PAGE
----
Tuesday

Jun. 8, 2004

After an Absence

by Linda Pastan

TUESDAY, JUNE 8, 2004
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Poem: "After an Absence," by Linda Pastan, from The Imperfect Paradise. © W.W. Norton and Co. Reprinted with permission.

After an Absence

After an absence that was no one's fault
we are shy with each other,
and our words seem younger than we are,
as if we must return to the time we met
and work ourselves back to the present,
the way you never read a story
from the place you stopped
but always start each book all over again.
Perhaps we should have stayed
tied like mountain climbers
by the safe cord of the phone,
its dial our own small prayer wheel,
our voices less ghostly across the miles,
less awkward than they are now.
I had forgotten the grey in your curls,
that splash of winter over your face,
remembering the younger man
you used to be.

And I feel myself turn old and ordinary,
having to think again of food for supper,
the animals to be tended, the whole riptide
of daily life hidden but perilous
pulling both of us under so fast.
I have dreamed of our bed
as if it were a shore where we would be washed up,
not this striped mattress
we must cover with sheets. I had forgotten
all the old business between us,
like mail unanswered so long that silence
becomes eloquent, a message of its own.
I had even forgotten how married love
is a territory more mysterious
the more it is explored, like one of those terrains
you read about, a garden in the desert
where you stoop to drink, never knowing
if your mouth will fill with water or sand.


Literary and Historical Notes:

It was on this day in 1867 that Mark Twain set off on a tour of Europe and the Middle East, a trip that gave him the material for his first major book, The Innocents Abroad (1869). He traveled with a large group of American tourists, on a steam-driven side-wheeler called the Quaker City. It was the first transatlantic cruise on a steamship.

Twain was just starting out as a writer at the time. He was living in New York, working as the travel correspondent for the San Francisco newspaper the Alta California. He convinced the editors to pay for his cruise, and in exchange he would write 50 letters from the cruise ship to be published in the paper. He had just started using the name Mark Twain a few years ago, and he was still trying to build his reputation. His first book, The Celebrated Jumping Frog of Calaveras County and Other Sketches (1867), hadn't sold very well, and he thought a travel book would be a good way to make a name for himself.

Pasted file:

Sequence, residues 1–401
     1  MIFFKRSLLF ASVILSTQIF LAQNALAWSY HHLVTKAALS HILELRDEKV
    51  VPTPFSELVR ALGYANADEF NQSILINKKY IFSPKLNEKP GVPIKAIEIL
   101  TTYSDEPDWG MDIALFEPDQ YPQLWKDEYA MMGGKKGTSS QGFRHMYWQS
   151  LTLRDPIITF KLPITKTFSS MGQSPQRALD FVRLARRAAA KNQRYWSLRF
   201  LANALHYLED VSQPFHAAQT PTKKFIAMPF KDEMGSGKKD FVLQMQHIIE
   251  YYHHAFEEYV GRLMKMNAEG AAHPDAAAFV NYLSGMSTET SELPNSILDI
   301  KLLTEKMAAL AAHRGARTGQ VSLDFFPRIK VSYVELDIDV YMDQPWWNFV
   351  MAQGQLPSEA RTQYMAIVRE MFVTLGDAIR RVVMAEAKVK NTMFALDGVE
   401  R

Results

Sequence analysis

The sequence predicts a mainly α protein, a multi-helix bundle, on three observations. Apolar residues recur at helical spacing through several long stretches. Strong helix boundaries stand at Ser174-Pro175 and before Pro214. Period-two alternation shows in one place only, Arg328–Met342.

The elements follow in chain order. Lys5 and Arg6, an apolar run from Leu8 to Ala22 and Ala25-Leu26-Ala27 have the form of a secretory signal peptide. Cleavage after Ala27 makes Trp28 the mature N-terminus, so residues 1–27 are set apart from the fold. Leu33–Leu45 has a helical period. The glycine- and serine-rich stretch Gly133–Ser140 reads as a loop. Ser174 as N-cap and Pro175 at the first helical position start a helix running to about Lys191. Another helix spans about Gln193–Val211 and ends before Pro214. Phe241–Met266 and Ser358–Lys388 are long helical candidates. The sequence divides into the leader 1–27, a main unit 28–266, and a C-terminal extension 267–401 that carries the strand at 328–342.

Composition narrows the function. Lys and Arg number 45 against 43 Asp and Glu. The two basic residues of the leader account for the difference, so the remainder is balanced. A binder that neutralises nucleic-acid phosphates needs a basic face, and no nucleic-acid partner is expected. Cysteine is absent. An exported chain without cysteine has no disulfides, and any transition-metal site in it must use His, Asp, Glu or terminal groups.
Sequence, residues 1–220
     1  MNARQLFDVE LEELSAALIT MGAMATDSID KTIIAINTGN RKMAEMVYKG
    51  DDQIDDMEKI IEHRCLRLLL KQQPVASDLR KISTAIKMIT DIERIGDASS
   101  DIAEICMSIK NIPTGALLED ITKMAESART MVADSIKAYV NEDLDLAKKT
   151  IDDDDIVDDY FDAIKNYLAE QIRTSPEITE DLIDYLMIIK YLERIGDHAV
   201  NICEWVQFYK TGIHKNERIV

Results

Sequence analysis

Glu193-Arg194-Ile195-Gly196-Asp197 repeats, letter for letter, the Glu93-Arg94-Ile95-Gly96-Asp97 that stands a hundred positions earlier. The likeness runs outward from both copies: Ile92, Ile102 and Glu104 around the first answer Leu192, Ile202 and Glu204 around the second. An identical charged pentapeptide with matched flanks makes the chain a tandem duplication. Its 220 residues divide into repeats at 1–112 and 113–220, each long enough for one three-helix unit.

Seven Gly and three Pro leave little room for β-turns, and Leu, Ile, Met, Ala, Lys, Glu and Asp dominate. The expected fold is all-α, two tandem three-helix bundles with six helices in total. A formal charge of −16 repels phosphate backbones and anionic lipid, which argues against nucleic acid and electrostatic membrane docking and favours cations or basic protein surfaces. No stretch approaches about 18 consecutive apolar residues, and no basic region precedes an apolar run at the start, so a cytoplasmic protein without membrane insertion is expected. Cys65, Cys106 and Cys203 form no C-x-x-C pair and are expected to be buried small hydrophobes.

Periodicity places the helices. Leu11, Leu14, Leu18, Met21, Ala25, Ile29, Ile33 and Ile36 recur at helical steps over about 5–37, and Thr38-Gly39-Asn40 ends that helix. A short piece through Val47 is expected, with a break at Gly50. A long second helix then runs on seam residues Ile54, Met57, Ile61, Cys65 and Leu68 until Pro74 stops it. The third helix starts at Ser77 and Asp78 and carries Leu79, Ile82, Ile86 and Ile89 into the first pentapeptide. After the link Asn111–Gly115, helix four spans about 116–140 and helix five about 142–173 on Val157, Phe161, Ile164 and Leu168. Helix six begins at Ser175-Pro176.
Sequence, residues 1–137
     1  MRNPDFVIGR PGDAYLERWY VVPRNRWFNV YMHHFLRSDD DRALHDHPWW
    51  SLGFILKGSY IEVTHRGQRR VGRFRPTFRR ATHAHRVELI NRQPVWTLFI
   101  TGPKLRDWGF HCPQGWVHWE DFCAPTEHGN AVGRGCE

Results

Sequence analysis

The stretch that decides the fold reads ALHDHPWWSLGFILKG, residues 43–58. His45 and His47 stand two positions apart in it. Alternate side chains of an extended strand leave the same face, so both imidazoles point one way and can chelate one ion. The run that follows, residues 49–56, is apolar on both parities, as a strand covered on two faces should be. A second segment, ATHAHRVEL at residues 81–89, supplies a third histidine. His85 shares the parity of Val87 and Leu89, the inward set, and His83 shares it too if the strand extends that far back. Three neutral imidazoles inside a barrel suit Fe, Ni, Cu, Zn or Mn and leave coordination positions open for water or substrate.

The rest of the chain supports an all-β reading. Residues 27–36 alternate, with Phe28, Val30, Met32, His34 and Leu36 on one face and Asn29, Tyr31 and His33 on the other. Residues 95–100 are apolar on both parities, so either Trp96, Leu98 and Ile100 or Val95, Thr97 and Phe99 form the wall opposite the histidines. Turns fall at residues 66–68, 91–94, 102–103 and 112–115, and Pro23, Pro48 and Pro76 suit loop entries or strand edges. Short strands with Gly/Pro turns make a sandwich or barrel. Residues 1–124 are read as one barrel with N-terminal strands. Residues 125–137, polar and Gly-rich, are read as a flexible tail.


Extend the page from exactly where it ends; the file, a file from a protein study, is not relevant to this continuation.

Travel narratives were growing very popular at the time, but Twain didn't want to write a conventional travel book. He hated how travel books made it seem like every church and every museum was worth visiting. He wanted to write a book about what it was actually like to travel—with all of the inconveniences and disappointments and fatigue. He said the purpose of the book was "to suggest to the reader how he would be likely to see Europe and the East if he looked at them with his own eyes instead of the eyes of those who traveled in those countries before him."

In Florence, he wrote, "It is popular to admire the Arno. It is a great historical creek with four feet in the channel and some scows floating around. It would be a very plausible river if they would pump some water into it. They all call it a river, and they honestly think it is a river, do these dark and bloody Florentines. They even help out the delusion by building bridges over it. I do not see why they are too good to wade."

When Twain got back from the cruise, his publisher gave him six months to write a 600-page book, even though he still had to make a living by writing newspaper articles. He wrote most of it in Washington, D.C., in a tiny room full of dirty clothes, cigar ashes and manuscript pages. He used a lot of the material from the letters he wrote during the trip, but he made several changes to make it more appealing to an eastern audience. He took out some of the cruder jokes and the racier passages, such as a description of nude bathers at Odessa. He thought easterners were more likely to be offended than westerners, and he wanted to reach as large an audience as possible. And he didn't use as much slang, because most easterners would have no idea what it meant. He wrote about 200,000 words in two months, or about 3,500 words per day, and finished just before his publisher's deadline. The Innocents Abroad sold more than 125,000 copies in ten years, and it established Twain's reputation.

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